This is what Mr. Ludwig so elegantly demonstrated.

16 bit digital audio (interestingly enough) also has a s/n in narrow frequency bands of about 110-120dB (or even more) with proper dither. You can also encode a waveform (with dithering) that has an amplitude that is less than half of your least significant bit (LSB). Because of this, with dither, you would not get that sudden dropout in the fade. Instead, you'd get the exact effect you described with the analog system: it would continue to get quieter until it is lost in the noise.

 

In addition, if you can even hear the "dropout point" at all on a non-dithered 16 bit digital system, that means that a signal with an amplitude of 1 LSB would have to be around 20-30dB in any normal room. That means that a full amplitude signal (0dBFS) would be upwards of 110-120dB, which is painfully, eardrum-damagingly loud. If you have the volume turned up this loud on your system, chances are you won't hear the dropout at the end of the fade anyways, since your ears will still be ringing from the volume of the peaks. Sure, you can intentionally record something 40dB down from full scale, and then you do have a problem, but the fix is simple: record closer to the full scale level.

 

I know this video has been posted a lot here recently, but it is worth watching, especially the part about dither starting around 12 or 13 minutes in. Notice how the noise floor is around -120dB when he enables dither with a 16 bit signal, and he can encode a 1/4 bit amplitude sine wave perfectly fine (-103dBFS or so): http://xiph.org/video/vid2.shtml


Edited by cjl - 4/17/14 at 8:36am
post #1509 of 1510

Hadn't looked at it that way (narrow band, encoding with dither). I doubt that the Sony PCM-1630 did anything more than straight encoding. Good video, too.

post #1510 of 1510

First i have to say that i am noob in all related to audio, at least high end audio. I have never understood the reasoning behind 24bit / 96khz for audio listening.

I read at some point that CD supports only 16bit / 44.1khz and its from 1hz - 22khz the limits of human hearing. As far as i know 99% of all music in the world is CD quality.

I think there are physical limitations to the existing recordings? Would re-sampling the masters do anything to them sound wise?

 

I have always felt the faults in sound quality is not because of the digital ( cd quality ) limitations, but in the mixing and mastering of the actual music. Also the Hardware used to record the music. I have heard a lot of music in my life, majority of music is poorly recorded, poorly mixed and i don't think that increasing the sample rates will fix that. At least that's how i feel.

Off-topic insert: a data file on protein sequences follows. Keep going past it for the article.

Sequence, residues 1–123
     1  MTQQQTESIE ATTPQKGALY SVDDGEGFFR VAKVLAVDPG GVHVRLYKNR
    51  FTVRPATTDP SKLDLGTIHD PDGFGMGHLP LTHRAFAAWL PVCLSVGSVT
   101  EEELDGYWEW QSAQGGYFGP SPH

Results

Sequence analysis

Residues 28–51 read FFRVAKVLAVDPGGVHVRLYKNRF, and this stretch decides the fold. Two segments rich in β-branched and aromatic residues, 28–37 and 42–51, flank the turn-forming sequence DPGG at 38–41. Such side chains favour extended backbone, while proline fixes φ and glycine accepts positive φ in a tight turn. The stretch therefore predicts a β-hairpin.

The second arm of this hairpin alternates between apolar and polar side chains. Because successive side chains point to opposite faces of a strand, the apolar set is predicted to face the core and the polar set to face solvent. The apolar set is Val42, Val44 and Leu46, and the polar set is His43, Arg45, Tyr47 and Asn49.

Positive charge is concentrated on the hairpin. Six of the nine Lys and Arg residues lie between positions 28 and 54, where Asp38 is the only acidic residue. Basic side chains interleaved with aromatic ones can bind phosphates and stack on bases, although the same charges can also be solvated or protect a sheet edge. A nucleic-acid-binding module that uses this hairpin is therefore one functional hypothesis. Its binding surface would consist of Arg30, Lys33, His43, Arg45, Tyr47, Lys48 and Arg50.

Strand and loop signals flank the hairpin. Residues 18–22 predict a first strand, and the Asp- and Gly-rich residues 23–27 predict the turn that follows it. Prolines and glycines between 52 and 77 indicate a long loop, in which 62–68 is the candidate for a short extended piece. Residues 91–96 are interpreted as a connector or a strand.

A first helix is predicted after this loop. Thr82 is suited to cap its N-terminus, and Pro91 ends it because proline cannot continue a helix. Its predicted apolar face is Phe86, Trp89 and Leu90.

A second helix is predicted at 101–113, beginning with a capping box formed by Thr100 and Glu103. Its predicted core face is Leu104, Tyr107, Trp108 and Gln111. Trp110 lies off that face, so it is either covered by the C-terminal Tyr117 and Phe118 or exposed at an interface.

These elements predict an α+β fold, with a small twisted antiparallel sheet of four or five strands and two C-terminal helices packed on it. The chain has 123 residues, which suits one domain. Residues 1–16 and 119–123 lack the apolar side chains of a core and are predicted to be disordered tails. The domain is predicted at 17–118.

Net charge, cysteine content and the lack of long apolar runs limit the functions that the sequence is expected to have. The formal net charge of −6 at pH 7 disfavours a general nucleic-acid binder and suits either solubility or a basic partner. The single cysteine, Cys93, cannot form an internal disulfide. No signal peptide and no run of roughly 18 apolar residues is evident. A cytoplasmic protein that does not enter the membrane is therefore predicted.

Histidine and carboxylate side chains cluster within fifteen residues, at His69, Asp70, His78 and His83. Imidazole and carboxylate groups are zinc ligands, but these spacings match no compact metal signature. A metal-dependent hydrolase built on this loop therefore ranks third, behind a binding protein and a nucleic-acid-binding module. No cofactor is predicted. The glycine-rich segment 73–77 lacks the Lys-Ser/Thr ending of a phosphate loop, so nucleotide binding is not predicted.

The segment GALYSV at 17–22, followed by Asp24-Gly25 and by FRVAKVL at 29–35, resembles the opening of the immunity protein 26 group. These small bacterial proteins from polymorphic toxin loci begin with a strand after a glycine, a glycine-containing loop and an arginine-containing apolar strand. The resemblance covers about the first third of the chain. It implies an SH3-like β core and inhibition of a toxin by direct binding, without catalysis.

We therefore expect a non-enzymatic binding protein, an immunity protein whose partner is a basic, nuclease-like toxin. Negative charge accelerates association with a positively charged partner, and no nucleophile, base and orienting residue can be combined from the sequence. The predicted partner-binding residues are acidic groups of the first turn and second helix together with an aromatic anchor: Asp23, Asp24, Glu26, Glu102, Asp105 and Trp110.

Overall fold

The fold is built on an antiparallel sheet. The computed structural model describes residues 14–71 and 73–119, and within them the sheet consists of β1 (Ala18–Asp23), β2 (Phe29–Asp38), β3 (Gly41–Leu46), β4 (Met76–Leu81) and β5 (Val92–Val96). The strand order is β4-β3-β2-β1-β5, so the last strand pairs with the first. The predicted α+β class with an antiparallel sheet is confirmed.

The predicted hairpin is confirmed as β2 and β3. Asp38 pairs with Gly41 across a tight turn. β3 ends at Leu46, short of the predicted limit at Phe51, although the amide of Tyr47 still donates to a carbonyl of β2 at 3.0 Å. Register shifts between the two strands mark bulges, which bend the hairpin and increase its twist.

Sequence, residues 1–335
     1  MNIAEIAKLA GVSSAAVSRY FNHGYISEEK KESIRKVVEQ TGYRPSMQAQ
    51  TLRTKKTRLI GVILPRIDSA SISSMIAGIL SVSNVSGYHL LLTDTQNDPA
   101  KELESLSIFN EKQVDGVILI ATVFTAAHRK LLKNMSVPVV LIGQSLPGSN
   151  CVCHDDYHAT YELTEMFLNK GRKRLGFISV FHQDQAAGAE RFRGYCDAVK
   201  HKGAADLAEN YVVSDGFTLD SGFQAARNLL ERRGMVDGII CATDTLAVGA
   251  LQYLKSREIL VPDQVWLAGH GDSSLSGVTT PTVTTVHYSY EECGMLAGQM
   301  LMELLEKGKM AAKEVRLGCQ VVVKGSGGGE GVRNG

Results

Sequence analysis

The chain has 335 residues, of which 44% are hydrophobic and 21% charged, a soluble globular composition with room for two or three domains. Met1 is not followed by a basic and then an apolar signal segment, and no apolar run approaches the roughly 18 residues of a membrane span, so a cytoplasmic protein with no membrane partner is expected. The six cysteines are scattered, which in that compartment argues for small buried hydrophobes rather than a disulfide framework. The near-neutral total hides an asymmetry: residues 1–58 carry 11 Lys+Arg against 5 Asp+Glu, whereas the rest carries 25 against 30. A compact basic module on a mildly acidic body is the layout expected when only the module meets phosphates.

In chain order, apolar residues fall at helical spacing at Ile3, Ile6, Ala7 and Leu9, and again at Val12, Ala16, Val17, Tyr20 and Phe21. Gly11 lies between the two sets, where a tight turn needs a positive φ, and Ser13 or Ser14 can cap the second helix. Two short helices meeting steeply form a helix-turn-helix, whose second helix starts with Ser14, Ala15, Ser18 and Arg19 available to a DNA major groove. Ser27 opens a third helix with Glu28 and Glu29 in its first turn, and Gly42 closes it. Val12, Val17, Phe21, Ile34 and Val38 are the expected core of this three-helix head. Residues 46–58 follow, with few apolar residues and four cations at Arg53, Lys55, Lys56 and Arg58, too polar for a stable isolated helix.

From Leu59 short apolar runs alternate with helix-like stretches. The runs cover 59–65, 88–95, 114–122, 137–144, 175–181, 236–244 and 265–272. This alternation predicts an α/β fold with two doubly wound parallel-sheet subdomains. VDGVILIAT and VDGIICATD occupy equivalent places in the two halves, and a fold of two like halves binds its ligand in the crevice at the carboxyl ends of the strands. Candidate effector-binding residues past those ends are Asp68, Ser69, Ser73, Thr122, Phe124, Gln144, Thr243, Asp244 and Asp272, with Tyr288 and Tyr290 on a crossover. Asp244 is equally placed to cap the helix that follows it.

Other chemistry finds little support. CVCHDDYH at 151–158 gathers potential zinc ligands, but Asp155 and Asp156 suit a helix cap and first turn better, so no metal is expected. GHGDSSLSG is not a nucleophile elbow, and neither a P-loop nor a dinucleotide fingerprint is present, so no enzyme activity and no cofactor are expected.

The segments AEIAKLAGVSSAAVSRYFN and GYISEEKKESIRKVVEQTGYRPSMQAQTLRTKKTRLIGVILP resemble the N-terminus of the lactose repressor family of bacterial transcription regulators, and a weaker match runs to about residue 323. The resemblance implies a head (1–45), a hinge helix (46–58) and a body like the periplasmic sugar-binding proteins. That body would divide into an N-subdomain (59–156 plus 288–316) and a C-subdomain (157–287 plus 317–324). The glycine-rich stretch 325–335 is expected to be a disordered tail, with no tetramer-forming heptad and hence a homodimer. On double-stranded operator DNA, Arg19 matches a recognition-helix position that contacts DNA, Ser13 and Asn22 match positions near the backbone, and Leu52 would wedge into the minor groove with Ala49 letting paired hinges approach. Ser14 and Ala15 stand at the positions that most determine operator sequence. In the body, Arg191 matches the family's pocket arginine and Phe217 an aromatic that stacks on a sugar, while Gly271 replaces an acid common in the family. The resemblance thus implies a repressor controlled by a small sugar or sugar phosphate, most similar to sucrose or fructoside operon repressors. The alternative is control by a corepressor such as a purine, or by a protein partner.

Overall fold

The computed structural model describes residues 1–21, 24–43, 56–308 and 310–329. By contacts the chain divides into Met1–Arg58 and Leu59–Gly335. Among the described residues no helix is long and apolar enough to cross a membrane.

I have some great recordings and they sound great even as MP3, but poorly recorded, mixed / mastered ones sound bad no matter what you do to them. I don't think any amount of pixie dust is going to make them better. This is a huge threat and i managed to only read the first 22 pages, barely understanding what people were saying. Hard to follow when you don't have deeper understanding on the subject.

 

Lets say that in theory the 24bit / 96khz would have better sound quality. Ok it becomes the "standard" and we start to demand music in that form. All the old music would gain nothing from this as they have the physical limitations? Newer produced music and recorded music would only "gain" in sound quality. 99% of our music would still be physically limited to the quality of "16bit / 44.1khz". I mean the physical limitations of hardware and the existing recordings we currently have. Vinyl is bellow CD in quality, at least according to some.

Its possible to re-master the older recordings that are in 24bit / 96khz form. But they have been recorded with limited gear (frequency limited to 20khz)?

So what does the consumer gain from the higher sample rates?

 

The downsides are far greater, we would have to buy all the music in DVD all over again with no evidence to support it sounds any better (at least nothing they could prove with empirical evidence). Also the file size would grow quite a lot. I am not sure how much but its possible it would be near 500mb for 1 song or even higher?

 

Since the release of CD and digital music piracy and downloading songs from internet has become a real bane for the music business.

When i write this i get the feeling the reason behind pressing the 24bit / 96khz onto the market is to try and kill piracy. At least thats what popped into my mind.

 

Sorry if this came out as just some noob ramble that makes no sense?